Massachusetts Governor Deval Patrick, leader in clean energy policy and proponent of education and research, will give this year’s commencement address. Those involved in the decision and student leaders praised the choice, while students’ opinions ranged from impressed to indifferent.
To rally support for his administration’s economic recovery bill last week, President Barack Obama invited about a dozen chief executives, seven of them from technology and energy companies, to the Oval Office.
Unveiled amid laughter and hijinx at Kresge Auditorium last Friday, the Class of 2011 Brass Rat features a forward-facing beaver and all the usual winks and nods, this year depicting the goddess Athena, hackers on the Dome, and a salute to the newly-completed Large Hadron Collider.
MIT alumnus Phillip T. Ragon ’71 pledged $100 million last Wednesday to fund a multidisciplinary research institute dedicated to developing an HIV vaccine. The Ragon Institute will bring together scientists, engineers, and doctors from MIT, Harvard, and Massachusetts General Hospital under Bruce Walker, an AIDS researcher at Massachusetts General Hospital.
Josh Shipp is in your face, but on your side. Last Sunday evening, the twenty-something “motivational ninja” spoke at Kresge Auditorium to a crowd of about 200, pausing in between wisecracks to encourage students to make positive choices.
President Barack Obama took his case for his $800 billion economic recovery package to the American people on Monday, as the Senate cleared the way for passage of the bill and the White House prepared for its next major hurdle: selling Congress and the public on a fresh plan to bail out the nation’s banks.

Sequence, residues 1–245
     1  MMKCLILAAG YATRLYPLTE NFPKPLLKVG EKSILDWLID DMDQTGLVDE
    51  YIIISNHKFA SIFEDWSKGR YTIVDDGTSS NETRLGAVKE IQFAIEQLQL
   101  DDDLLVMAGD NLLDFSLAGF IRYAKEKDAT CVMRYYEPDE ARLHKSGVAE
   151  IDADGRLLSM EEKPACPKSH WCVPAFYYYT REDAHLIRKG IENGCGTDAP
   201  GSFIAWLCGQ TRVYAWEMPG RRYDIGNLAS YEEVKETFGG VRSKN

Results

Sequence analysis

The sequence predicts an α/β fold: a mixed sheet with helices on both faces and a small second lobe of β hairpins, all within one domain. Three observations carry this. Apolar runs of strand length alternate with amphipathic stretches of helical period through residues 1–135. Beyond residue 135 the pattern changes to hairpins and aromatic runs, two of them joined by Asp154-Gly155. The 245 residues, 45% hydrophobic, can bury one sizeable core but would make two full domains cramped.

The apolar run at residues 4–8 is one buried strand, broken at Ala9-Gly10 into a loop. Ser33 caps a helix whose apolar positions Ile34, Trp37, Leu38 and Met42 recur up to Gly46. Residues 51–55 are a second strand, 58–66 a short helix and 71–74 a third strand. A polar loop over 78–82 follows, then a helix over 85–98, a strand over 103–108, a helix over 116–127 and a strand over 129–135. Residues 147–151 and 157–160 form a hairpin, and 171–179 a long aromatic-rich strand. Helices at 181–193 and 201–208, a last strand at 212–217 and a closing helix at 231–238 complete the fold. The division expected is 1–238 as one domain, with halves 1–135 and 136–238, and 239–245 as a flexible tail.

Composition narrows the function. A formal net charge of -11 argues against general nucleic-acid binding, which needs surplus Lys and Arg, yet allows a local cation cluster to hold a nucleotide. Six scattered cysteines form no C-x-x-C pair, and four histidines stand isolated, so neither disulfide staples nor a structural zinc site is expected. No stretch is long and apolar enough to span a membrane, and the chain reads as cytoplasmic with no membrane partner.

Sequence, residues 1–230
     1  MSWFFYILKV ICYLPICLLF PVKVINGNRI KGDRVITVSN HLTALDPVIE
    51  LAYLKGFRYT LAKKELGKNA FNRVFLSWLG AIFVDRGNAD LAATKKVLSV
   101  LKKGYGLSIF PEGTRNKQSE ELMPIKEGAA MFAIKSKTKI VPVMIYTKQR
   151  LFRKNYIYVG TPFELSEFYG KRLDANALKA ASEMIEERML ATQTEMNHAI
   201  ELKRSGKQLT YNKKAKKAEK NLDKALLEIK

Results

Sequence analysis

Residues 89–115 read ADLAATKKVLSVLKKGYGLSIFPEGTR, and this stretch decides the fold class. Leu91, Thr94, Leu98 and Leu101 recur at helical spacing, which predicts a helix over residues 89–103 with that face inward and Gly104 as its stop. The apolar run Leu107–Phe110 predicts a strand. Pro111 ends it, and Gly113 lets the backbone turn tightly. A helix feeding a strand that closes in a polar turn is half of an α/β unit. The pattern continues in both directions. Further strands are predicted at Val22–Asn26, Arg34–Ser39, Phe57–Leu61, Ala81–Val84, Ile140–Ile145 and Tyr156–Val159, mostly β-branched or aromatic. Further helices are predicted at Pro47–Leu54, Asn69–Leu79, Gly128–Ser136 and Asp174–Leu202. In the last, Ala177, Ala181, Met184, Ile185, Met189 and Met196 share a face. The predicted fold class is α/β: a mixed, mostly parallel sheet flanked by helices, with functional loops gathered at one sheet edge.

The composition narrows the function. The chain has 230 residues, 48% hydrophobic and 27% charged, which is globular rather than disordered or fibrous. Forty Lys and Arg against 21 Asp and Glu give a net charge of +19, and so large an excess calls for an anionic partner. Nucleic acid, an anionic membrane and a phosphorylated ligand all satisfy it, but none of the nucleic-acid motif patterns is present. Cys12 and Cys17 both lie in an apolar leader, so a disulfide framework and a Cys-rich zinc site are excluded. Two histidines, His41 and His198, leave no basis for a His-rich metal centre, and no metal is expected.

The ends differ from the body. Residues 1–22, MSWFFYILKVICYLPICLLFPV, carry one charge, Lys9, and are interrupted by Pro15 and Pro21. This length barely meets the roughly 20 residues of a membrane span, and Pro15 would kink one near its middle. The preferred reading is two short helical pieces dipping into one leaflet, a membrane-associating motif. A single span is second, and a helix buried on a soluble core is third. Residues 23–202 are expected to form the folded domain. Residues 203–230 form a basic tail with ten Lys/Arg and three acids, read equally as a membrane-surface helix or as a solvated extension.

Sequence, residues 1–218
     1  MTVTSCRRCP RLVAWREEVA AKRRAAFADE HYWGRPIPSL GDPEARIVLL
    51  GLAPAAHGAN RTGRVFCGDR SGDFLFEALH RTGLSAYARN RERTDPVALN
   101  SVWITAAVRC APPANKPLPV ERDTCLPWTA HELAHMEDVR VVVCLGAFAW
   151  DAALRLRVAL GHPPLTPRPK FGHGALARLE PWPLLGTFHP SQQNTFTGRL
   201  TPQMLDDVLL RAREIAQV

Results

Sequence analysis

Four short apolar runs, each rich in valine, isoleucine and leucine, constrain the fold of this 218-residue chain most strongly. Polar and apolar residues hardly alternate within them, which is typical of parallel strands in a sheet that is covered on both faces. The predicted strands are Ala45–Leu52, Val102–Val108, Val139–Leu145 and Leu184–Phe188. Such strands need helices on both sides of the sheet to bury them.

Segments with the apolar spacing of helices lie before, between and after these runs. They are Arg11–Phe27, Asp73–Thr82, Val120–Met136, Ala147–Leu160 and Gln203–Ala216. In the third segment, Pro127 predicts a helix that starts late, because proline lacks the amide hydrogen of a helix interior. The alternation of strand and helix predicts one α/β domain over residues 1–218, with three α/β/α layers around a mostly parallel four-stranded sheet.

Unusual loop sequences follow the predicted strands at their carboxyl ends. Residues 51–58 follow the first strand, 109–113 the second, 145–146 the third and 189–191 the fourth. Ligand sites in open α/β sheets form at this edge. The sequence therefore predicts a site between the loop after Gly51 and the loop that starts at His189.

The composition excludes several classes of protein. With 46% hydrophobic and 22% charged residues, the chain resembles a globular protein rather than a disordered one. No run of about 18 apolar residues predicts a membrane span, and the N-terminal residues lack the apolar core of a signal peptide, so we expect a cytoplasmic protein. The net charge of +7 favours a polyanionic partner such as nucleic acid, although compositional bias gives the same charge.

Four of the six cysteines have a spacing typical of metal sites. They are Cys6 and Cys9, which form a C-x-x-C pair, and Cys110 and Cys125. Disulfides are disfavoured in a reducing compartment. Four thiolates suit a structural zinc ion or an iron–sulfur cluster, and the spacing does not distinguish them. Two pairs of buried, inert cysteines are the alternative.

The postelection curfew has been lifted, the threats of violence muted after the intervention of envoys from the Iraqi army, the central government and the U.S. Marines. A cacophonous bustle has returned to the filthy, shattered streets of this provincial capital, once a base of the Sunni insurgency.
Everybody knows it gets warmer when the sun is out, but sometimes we get some help from the wind. Normally people associate a winter wind with cold, since the flow of air removes heat generated by the body. However, when a strong, persistent wind blows from the southwest, the wind may transport warm air from the southern part of the country to New England. Meteorologists call the transport by wind of an atmospheric property (in this case heat) advection.
Scores of Palestinian patients being treated in Israeli hospitals, a rare bright spot of coexistence here, are being sent home because the Palestinian Authority has stopped paying for their treatment, partly in anger over the war in Gaza.
The nationally-ranked No.7 MIT men’s track and field team hosted Williams and Coast Guard in its first indoor meet of the season on Saturday afternoon at the Johnson track. The Engineers picked up 13 event wins and earned 171 points on their way to a comfortable win over second-place Williams (117.50). Coast Guard earned 87.50 points for third place.
The practice of gift-giving around this or any other time of year can be a tricky proposition. Excellent gift ideas abound, but giving the right gift to the right person (at the right price) often requires a certain element of finesse that tends to come and go, at least for me. Gimmicky gifts only make matters more complicated, with their often-overestimated merit invested more in novelty than practical use. Sure, that Christopher Walken bobblehead seemed ironic and amusing back in December, but when someone opens up their gift in a bag because you couldn’t be moved to wrap it yourself (sorry, Mom), is it really going to produce the “audible gasp and speechlessness” or “hyperventilating gush-fest” reactions you were hoping for?
When I was four, I told my mother that I wanted to grow up to be a cocktail waitress. “I never want to leave home,” I said, “I want to stay here with you forever.” Whenever I remember this, I laugh, until I realize that seventeen years later, my desires aren’t so different.